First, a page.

The Bike FAQ - Classic Concours A1-A21
This FAQ compiled by Elvin Rivera, COG#2536
First of all, thanks for checking us out. This is a forum for fans of Sport Touring in general and specifically the Kawasaki Concours ZG1000. It’s one of the original “Gentlemen’s Express” motorcycles that created the Sport Touring class.
What exactly is Sport Touring?
It's looking on a map for the squiggliest roads imaginable, then riding maybe hundreds or thousands of miles to reach them. And when you reach those special roads her sport genes take over and you can enjoy some spirited riding thru wild canyons, along winding rivers, and through high mountain passes. A great way to see the country.
Is the Concours a Sport Bike or a Touring bike?
Both. Commuting, long distance tours, and short sporty dayrides are all in her bag of tricks. The Concours is a hearty bike. Rugged and dependable. You can ride her to work and back all week. Her cockpit dimensions are designed for comfort. The big tank means long range and the spacious bags hint at the faraway weekend trips to come. The Concours will cruise all day, if you're up to it, without complaint. Take the bags off and you have a Sport Bike. A big heavy Sport Bike but you can't have everything. Highway or Byway. Whatever the road, "Connie can do."
I notice most Sport Touring bikes are 1200cc or more. Is the Concours' engine powerful enough to handle 2 people and their stuff?
In 1986 1000cc qualified as a super-bike engine. Not so today. Connie’s engine was developed from the 1984 -1985 Ninja 900 but retuned for more low and midrange power to cope with its duty as a hauler. Tap the transmission down a gear and passing is never a problem. The Concours will cruise the Interstates at 90 MPH or more all day without complaint though the Highway Patrol might have something to say about it.
It looks so big and heavy. How does The Concours handle?
The Concours is a little top heavy, especially when all 7.5 gallons are in that giant tank, but after a while you get used to it. Low speed, parking lot handling demands good throttle and rear brake control. Once rolling she seems to shed those pounds and becomes quite nimble. After all, she was born from the first Ninjas.
I'm not a tall person. How high is the seat?
The Concours’ seat height is 31 inches but there are ways to lower that an inch or two. Getting your feet firmly planted on the ground is important. Padding around with your feet means watching where you step. One false move and down she goes. Gravity never sleeps.
I don't like the riding position of Sport Bikes. I have to bend over too much and the footpegs are too high. Is the Concours like that?
The seating position is classic Sport Touring style. You will lean forward some but not as radically as on a full sport bike. If the bars are still too low for you there are many aftermarket solutions, like risers. The footpegs are underneath you. Not set towards the front or rear, so you can use your legs to absorb bumps, and to shift your weight in turns. There are also products to lower the pegs if needed. If you want to stretch your legs you can buy Highway Pegs.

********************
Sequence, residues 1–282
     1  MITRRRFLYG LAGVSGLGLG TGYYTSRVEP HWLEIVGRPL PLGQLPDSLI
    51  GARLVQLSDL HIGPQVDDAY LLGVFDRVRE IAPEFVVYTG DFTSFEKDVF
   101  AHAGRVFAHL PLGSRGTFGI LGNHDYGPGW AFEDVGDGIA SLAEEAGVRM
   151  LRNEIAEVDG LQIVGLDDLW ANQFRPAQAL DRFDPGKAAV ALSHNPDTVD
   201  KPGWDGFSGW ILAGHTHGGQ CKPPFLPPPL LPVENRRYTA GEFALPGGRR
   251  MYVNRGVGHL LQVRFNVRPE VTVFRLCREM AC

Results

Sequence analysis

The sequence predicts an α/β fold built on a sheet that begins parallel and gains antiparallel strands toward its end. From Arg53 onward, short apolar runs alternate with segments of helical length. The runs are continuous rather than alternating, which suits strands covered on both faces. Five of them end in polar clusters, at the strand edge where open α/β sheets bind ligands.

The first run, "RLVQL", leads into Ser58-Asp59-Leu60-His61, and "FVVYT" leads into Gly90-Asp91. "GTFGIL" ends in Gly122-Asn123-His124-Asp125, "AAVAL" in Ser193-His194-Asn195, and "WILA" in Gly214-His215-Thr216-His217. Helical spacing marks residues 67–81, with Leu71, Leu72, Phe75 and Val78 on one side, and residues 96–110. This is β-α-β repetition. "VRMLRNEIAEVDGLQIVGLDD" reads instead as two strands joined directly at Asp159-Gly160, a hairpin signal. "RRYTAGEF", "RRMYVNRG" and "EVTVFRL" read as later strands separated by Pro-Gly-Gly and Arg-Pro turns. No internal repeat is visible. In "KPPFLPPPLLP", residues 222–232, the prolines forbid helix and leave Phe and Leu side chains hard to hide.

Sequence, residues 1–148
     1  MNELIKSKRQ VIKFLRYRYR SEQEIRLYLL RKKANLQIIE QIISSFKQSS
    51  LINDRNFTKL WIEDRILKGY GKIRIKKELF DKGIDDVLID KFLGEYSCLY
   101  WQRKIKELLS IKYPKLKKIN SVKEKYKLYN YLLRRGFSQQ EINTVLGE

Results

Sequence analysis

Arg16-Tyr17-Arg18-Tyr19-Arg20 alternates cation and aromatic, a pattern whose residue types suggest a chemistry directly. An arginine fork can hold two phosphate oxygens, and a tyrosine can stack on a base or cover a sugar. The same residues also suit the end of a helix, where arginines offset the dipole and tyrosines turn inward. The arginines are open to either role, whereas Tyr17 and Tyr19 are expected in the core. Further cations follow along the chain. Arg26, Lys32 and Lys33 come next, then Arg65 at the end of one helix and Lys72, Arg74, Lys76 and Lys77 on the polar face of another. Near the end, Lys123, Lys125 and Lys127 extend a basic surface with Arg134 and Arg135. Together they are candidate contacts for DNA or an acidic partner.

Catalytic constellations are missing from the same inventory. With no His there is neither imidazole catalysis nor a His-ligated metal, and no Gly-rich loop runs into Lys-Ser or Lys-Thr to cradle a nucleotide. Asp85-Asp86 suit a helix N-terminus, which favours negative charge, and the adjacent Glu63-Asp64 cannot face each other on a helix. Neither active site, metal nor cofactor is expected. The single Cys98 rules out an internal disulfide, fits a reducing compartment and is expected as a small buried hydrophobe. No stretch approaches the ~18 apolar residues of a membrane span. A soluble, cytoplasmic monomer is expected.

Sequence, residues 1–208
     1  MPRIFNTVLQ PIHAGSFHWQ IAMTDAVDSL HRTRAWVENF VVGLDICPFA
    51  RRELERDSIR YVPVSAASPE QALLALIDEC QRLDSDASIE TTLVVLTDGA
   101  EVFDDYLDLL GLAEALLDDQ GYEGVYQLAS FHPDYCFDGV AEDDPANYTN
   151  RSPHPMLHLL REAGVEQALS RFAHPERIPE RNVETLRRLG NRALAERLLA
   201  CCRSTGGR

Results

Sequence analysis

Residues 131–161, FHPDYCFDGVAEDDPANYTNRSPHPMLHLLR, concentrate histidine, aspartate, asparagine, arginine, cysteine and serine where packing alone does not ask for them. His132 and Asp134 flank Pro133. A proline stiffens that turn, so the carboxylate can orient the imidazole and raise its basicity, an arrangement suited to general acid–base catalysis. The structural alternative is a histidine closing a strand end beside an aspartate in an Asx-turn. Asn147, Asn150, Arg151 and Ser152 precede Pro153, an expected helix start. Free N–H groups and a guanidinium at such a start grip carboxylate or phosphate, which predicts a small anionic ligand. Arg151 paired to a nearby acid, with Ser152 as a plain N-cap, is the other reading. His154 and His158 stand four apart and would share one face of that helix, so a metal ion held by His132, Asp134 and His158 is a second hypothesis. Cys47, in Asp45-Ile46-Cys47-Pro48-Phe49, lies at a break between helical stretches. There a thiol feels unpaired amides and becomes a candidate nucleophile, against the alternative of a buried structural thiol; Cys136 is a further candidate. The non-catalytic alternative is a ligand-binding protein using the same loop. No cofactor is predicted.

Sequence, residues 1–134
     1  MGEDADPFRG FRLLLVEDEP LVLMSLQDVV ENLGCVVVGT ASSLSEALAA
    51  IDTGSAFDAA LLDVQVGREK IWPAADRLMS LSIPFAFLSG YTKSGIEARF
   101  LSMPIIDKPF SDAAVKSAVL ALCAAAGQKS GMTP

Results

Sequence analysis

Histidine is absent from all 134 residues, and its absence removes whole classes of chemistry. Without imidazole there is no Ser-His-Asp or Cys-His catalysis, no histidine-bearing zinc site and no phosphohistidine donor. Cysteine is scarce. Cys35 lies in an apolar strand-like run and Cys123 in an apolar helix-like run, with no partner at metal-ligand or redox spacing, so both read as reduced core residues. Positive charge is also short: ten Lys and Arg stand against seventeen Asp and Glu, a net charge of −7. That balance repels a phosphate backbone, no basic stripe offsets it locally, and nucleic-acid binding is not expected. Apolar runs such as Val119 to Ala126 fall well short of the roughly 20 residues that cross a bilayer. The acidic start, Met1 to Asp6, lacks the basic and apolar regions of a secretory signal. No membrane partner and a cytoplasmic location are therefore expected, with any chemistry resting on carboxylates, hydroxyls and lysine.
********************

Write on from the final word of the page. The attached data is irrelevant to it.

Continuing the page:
I bring a passenger on rides. Is the seat big enough or are we going to be crowded?
The accommodations are generous with plenty of legroom and a thick comfortable seat for both. If you want a different firmness, style, or upholstery there are many aftermarket seats available. A backrest adds to passenger comfort and security.
The Concours is an old design. Are there still accessories available?
Because it's been around for so long the aftermarket has had a long time to produce items that make the Concours the premiere Sport Tourer she is. To that end there are tankbags, trunks, driving and fog lights, seats, seat covers, backrests, windshields, luggage racks, aux fuel cells, heated grips, and on and on.
Can I still improve the Performance?
There are 2 types of performance. Engine and Braking. If you're smart you'll improve both.
OK, what’s available for the engine?
There's not much in the commercial aftermarket for the engine besides carburetor jet kits, a few Ninja 1000 cams, and a 1039cc kit. Determined owners have come up with ways to bump the Concours engine to 1052cc and 1109cc. One has even swapped for a ZRX1200 engine. Another is turbocharging his Concours. These aren't kits but I’m sure they'll answer questions if you‘re interested. They have also revised cam timing gears, added Ninja 1000 carburetors, punched out Concours exhaust canisters, and more. No hard performance numbers but 115 HP wouldn’t be too farfetched.
Now, what about the brakes?
The stock brakes are good but better with HH compound pads and stainless steel hoses. There are now adapter bracket that allow you to replace the early single piston , and also the later dual piston, front brake calipers with 4 and 6 piston calipers.
What about handling improvements?
The bike is rock steady at high speeds and nimble in the twisty stuff but you'll have to muscle her a bit compared to a pure sportbike. A popular suspension upgrade is stiffer fork springs, a fork brace, and 15 weight fork oil. This reduces brake dive and improves turn in. For those looking for more the fork can be swapped for one from the Kawasaki ZRX. Buy the whole front end and you get a fully adjustable cartridge fork, a 17 inch wheel, and 6 piston brakes on 310mm discs. Other forks may be adaptable too. In the rear Kosman Specialties will convert the 16 inch wheel into a 17 incher. This allows fitting a greater variety of tires. Changing the rear shock absorber oil to 15 weight likewise improves handling. A ZZR1200 rear shock can fit in place of the stock unit with slight modification. Aftermarket shocks are also available.